They say ignorance is bliss.

First, read this article (“We Are All Confident Idiots” by David Dunning) so you know what I’m talking about.

We’ve all seen this, haven’t we? People who are very convinced that they are right about something–even something made up. Just watch Fox News (but not for very long–at some point it stops being funny and starts being terrifying).

I used to teach university students, and (probably due to my own failure as an educator) I could see this very thing happen. Students would be convinced they understood something, and then when they didn’t score well on a test they were confused and usually made no effort to understand why they didn’t know what they thought they knew.

ignorantSuppose, though, you’ve read your Socrates and your Hume and your skeptics.

Imagine you know the things you don’t know (and it’s a lot–pretty much everything).

Imagine you don’t even fully trust your ability to make patterns because you know you seek patterns and causes even when they aren’t there.

Imagine you don’t believe you are a good, capable person, because these things mean nothing to you and are totally relative.

Imagine you think every system of rule is wrong. That every belief system is wrong. That every ideology is wrong. But that you don’t have a right one to replace them, because it would be wrong too.

Imagine you struggle to form opinions anymore because you don’t have ideologies or sacrosanct beliefs. Imagine you don’t have opinions because you can’t ground them in anything and so they’re useless to you because you want something to hold onto.

At that intersection, you have me.

And I guarantee you, it sucks.

Most of the time, I don’t even feel like a person.

It’s lonely.

I do think recognizing your ignorance is a good thing generally. I think this is why philosophy should be taught throughout a person’s education and not just as a random liberal arts credit. I think this is what professors should be doing instead of trying to drill act utilitarianism and rule utilitarianism into their students’ heads. I think this is where I was unsure as an educator how to proceed.

Even within this article, you have a lot of foundational assumptions that could be called into question. The author is privileging “knowledge” and “reasoning” and “logic” as if those are real things too.[1] This is the bias of demonstrative truth.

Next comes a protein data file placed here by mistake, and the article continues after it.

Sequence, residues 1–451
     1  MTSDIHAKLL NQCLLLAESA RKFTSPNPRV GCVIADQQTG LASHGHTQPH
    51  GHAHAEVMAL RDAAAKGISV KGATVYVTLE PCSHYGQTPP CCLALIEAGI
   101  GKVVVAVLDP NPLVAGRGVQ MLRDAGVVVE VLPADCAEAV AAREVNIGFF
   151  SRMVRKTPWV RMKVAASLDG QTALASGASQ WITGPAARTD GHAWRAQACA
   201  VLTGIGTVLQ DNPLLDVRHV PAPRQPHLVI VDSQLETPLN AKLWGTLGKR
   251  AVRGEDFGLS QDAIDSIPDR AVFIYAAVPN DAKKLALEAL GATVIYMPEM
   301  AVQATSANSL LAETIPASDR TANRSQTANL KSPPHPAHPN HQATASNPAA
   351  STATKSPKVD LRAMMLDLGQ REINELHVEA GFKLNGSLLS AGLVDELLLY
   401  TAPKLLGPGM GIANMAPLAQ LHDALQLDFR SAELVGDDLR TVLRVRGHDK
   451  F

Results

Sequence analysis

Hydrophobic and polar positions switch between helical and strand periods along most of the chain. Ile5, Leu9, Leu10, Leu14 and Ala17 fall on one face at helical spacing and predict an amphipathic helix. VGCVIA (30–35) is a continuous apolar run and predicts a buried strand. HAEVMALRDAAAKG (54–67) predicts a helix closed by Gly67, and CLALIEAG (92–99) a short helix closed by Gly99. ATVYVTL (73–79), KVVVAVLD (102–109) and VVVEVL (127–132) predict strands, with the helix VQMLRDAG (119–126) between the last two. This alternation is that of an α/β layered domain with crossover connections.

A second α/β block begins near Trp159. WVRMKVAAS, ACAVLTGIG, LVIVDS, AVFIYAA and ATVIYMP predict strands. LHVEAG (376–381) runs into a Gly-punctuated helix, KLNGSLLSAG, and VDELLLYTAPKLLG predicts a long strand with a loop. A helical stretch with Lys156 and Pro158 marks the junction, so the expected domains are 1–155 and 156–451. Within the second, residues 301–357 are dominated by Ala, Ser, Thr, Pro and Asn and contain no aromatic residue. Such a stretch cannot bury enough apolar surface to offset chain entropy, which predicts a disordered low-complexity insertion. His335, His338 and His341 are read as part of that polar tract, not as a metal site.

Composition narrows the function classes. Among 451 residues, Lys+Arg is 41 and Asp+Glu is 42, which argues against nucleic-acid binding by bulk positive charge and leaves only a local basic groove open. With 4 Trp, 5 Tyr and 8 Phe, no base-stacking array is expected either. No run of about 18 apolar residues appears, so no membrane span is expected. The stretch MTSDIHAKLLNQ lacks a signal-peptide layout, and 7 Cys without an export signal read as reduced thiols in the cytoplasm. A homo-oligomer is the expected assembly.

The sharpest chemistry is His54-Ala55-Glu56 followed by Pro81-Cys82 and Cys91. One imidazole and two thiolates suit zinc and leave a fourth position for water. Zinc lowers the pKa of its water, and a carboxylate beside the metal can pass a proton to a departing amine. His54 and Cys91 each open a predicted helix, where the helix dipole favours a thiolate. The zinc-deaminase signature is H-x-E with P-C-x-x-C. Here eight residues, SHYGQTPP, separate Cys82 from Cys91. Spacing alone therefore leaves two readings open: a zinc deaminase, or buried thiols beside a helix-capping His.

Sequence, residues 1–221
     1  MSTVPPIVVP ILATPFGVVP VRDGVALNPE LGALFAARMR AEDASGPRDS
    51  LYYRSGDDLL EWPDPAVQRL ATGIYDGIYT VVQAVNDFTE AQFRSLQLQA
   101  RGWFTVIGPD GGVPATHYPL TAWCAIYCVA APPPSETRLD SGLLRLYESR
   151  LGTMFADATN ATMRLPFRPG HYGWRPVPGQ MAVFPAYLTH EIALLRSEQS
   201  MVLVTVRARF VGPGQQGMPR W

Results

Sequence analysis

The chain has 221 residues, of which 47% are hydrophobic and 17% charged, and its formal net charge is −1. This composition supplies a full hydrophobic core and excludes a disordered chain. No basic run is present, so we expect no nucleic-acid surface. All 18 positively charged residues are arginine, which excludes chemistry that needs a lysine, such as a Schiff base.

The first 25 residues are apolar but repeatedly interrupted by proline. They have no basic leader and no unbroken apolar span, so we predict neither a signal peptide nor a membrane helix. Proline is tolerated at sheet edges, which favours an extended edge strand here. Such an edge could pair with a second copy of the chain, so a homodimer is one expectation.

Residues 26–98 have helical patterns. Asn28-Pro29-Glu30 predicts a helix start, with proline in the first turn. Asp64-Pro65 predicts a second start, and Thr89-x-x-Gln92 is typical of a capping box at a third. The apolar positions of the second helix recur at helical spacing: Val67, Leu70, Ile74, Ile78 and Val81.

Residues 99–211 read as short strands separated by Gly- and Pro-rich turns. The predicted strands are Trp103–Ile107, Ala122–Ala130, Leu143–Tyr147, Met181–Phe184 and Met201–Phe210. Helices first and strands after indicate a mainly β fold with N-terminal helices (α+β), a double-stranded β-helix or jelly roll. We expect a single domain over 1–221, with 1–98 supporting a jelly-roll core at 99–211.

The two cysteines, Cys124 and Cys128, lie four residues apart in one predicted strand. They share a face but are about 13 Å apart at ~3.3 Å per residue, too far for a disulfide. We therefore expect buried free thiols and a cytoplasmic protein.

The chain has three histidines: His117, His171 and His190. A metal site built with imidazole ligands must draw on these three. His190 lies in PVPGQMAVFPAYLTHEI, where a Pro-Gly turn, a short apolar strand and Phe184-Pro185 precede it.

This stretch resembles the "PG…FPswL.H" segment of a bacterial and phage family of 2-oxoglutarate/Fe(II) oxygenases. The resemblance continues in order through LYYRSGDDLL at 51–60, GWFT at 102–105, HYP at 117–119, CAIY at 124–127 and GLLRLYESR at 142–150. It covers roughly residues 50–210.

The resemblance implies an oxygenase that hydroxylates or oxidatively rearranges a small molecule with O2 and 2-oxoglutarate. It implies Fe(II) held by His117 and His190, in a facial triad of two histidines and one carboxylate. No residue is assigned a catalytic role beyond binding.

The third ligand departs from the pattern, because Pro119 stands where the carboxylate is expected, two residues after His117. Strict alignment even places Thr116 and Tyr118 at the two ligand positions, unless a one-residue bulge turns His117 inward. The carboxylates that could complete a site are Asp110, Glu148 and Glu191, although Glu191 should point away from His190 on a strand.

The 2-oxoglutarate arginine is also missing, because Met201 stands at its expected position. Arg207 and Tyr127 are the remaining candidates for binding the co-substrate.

“Showing that scientific demonstration is basically only a ritual, that the supposedly universal subject of knowledge is really only an individual historically qualified according to certain modalities, and that the discovery of truth is really a certain modality of the production of truth, putting what is given as the truth of observation or demonstration back on the basis of rituals, of the qualifications of the knowing individual of the truth-event system, is what I would call the archaeology of knowledge.” -Michel Foucault, Psychiatric Power, 238.

Making truly informed and “objective” judgments is impossible. The context in which we make judgments creates some kind of bias (innocuous as that bias may be).

This is all to say that we have to rely to some extent on ignorance, because universality and objectivity are myths. That’s why we can safely use probability and inductive reasoning to draw conclusions, but where we often fail is in providing context and in doing the archaeology of knowledge.[2]

There’s a saturation point where you have me, who really doesn’t know anything. I mean, sure, I know some trivial information. ‘98 Chicago Bulls starting lineup? Jordan, Pippen, Rodman, Longley, Harper. Capital of Nevada? Carson City. Where do you transfer from the Red Line to the Blue Line in Washington DC? Metro Center.

I even have a few core beliefs I operate with that are there inside me but that I generally fail to articulate. The more I recognize my own ignorance, I have a harder and harder time relating to other people to the point where most of the time, I don’t feel human.

I can get along in the world okay, but I have to treat it like a game.

If I had my way, I wouldn’t play the game at all. My preferred (and default) experience of the world is in terms of the big picture, and the bigger that picture gets, the less I know. The less I know, the less I can connect to other people, and the more I feel like I can’t play the game anymore. This is what happens when I stop replying to emails and answering my phone.

So where does that leave me but trying and failing to create something that explains how utterly fucked up this while I wait for someone to hand me the hemlock.

I guess what I’m trying to say is this: enjoy your ignorance, but use it wisely.


[1] This author is also privileging the “Founding Fathers” which, fine, but they were self-interested human individuals too. Don’t forget that.

[2] Context comes in many forms, and which context is useful is always a question.

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